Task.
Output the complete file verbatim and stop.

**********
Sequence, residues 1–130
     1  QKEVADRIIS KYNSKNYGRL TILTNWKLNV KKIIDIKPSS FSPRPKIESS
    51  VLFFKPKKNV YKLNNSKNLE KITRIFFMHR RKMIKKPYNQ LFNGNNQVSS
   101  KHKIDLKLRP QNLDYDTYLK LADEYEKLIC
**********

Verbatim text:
Sequence, residues 1–130
     1  QKEVADRIIS KYNSKNYGRL TILTNWKLNV KKIIDIKPSS FSPRPKIESS
    51  VLFFKPKKNV YKLNNSKNLE KITRIFFMHR RKMIKKPYNQ LFNGNNQVSS
   101  KHKIDLKLRP QNLDYDTYLK LADEYEKLIC